My Page: The Black Pumas’ Adrian Quesada ‘Turn Tables and a Microphone’
photo credit: Rickie Lee Young
Since my formative years, hip-hop has influenced everything that I’ve done, musically. I listened to rock-and-roll and all kinds of other music when I was growing up, but hip-hop was the style that completely blew my mind. There’s so much about it—the whole art form of people sampling records felt almost like folk music mixed with high art. It was like, “Look around, grab whatever you can and make some music.”
When I first started getting into hip-hop, the East Coast sound was probably my biggest influence—especially The Native Tongues, which was A Tribe Called Quest, De La Soul, Black Sheep and The Jungle Brothers. Producer-wise, I was influenced by Ali Shaheed Muhammad and Q-Tip from A Tribe Called Quest—Q-Tip is an amazing producer who isn’t always mentioned in the same sentence as these other producers. Pete Rock was also a huge producer who was a big influence on me, and, recently, my band Black Pumas got to work with him. And then, it eventually shifted over to the West Coast. Cypress Hill and DJ Muggs’ production on that stuff was—and still is— a massive influence on me.
When hip-hop started, it was just turntables and a microphone. But, New York, at that time, was the intersection of so many cool things— everything from disco to punk. There was a convergence of all of these styles, and the way that hip-hop was produced—this manipulation of sound, this collage of ideas—felt like one of the biggest musical advancements that had ever happened. And it happened on the streets of New York.
Of course, I didn’t grow up near any sort of hip-hop culture—I had a very different upbringing on the border of Texas and Mexico. I learned about hip-hop through MTV, but I could relate to the idea that hip-hop was a form of “outsider art.”
So hip-hop inspires everything that I do and, of course, has influenced the biggest pop artists in the world. The influence of hip-hop certainly crept into my new album, Boleros Psicodélicos as well. Even though I was making an all-Spanish-language album inspired by old music, I still feel like it came full circle and has a prominent hip-hop influence.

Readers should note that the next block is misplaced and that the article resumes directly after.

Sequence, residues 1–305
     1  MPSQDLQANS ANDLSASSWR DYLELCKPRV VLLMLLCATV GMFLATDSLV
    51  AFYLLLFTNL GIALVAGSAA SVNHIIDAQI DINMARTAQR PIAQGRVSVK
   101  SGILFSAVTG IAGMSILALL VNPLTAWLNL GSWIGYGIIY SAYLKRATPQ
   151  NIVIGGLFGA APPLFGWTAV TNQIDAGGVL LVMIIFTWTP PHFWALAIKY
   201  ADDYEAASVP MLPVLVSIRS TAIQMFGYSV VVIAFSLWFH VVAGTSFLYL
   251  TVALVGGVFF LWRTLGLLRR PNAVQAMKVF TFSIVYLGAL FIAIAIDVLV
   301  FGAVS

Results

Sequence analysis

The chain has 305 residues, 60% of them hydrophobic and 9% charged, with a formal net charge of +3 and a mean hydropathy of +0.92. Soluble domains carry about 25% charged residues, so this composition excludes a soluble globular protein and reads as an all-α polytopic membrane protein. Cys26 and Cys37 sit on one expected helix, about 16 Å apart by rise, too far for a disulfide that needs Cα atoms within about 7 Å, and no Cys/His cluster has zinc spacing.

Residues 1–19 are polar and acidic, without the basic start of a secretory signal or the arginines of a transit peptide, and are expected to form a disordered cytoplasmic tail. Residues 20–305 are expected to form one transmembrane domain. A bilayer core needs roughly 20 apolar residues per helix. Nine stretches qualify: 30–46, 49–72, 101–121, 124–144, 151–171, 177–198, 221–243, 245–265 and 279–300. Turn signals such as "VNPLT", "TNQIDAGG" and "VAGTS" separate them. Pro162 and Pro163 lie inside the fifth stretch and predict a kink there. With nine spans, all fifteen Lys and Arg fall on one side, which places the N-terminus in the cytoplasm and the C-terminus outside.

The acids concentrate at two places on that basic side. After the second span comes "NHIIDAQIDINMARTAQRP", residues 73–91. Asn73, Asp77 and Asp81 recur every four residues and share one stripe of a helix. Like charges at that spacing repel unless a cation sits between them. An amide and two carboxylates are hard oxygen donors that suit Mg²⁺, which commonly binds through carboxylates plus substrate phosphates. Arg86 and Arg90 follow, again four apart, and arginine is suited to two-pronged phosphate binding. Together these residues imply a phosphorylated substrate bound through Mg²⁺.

When the pandemic happened, it was the first time that I actually had some free time to start a new project. Black Pumas were supposed to be on tour for most of 2020 and, like everyone else in the world, I suddenly saw my calendar completely clear up. And, during those first few months of COVID, nobody had any plans. We all picked up hobbies, and I started working on this album of psychedelic boleros.
I didn’t have to wake up early to take the kids to school; I could stay up as late as I wanted to, and I just felt super inspired and began cranking out hip-hop beats. And, eventually, those morphed into full songs. When I am working on a new project, having a concept in mind will always help me finish it, and I was listening to a lot of these psychedelic boleros from the early ‘70s. So I started dissecting a couple of them as an exercise. Sometimes I’ll do that—I’ll record a cover of something just to dissect it and build it back up. But then, as I honed that concept a bit more, everything began to feel a little exhausted and I started feeling a bit depressed—just like everyone else probably did around that time. But, eventually, I found that turning back to this project was actually keeping me sane.
While I was working on Boleros Psicodélicos, there were very specific moments where I was like, “Let’s put some hip-hop production on this,” even though hip-hop isn’t something that you’d expect to hear mixed in on a boreros album. My favorite sounding drums are the ones that are sampled, so I always make sure that my drums have that sound. I like to create some of those happy accidents that can happen with sampling. You create a loop and, every time that loop comes back around, there is a chance that a little artifact from the last sound has crept in or that something will loop and cut off. That creates this super unique sound that you wouldn’t normally come up with. It is like with Black Pumas—the goal is to make your head nod like a hip-hop album. Everything has to have that bounce.
Adrian Quesada has worked with Eric Burton as Black Pumas since 2017. His new ATO release, Boleros Psicodélicos, features collaborations with Puerto Rican vocalist iLe, Colombian-American soul artist Gabriel Garzón-Montano, Mexican R&B star Girl Ultra, Virginia-bred singer Angelica Garcia, Guatemalan singer-songwriter and guitarist Gaby Moreno, New York guitarist Marc Ribot and Beastie Boys keyboardist Money Mark.